How Recce saved Boinnet, Amina from shame at JKIA after being blocked by Secret Service


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IG Joseph BoiBoinnetnnet was saved from shame by his juniors after the Secret Service blocked him from accessing JKIA’s VIP area as the US President left the country last Sunday.

The junior GSU officers also pleaded with the SS to allow access to President Uhuru Kenyatta’s aide de camp and Foreign Affairs CS Amina Mohammed.

The three had been barred by Barack Obama’s security from entering the VIP area as he boarded his Air Force One plane for Ethiopia.

It took the intervention of Recce unit officers, who were in uniform, to escort them into the area in the apron, where Obama bid them farewell.

The Secret Service had restricted the area to seven top government officials, who only included Uhuru’s family.

Ordinarily, Boinnet, the ADC and Amina would not be denied access to any government facilities in the country.

The junior officer, said to have had been called by his seniors at GSU after the three were locked out, approached a Secret Service agent and explained to her that the three were top government officials.

It is at that point that the American security staff allowed them to walk into the area.

On Wednesday, sources said senior police commanders will, as a tradition, receive a briefing from GSU commandant Joel Kitili on the success, challenges and lessons learnt in guarding the worlds most protected president.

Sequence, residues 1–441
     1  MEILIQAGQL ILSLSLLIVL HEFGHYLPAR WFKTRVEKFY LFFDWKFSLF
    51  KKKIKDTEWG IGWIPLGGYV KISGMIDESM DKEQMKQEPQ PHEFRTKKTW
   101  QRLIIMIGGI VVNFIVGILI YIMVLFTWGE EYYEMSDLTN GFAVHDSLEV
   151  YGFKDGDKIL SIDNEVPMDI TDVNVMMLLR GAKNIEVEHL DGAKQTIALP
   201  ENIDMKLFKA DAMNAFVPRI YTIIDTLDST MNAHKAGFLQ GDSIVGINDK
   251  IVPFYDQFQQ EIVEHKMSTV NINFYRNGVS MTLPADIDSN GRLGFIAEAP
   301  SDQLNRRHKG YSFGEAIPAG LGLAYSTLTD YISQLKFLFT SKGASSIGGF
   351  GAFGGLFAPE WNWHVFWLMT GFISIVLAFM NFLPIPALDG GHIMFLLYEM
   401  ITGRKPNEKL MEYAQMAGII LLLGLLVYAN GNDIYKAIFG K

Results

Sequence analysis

Top GSU commanders have reported guarding Obama was 90 per cent successful but for laxity exhibited by their colleagues in general duties.

Some heads of Obama’s security demanded the removal of general duty officers who were guarding one of the city hotels where his team was sleeping.

The top commanders were concerned that some of the officers sat in groups to chat, hence their replacement with GSU officers.

The treatment accorded to Kenyan VIPs by the Obama security has generated a lot of comments on social media.

Former Police spokesman Erick Kiraithe, who is the Airport head of security, was screened by Obama’s team in what came as a shock to many Kenyan observers.

Kiraithe told journalists that his screening was a sign of best policing practices in the world.

The issue drew mixed reactions; some commentators applauded it while others said the US government was being insensitive to Kenyan VIPs.








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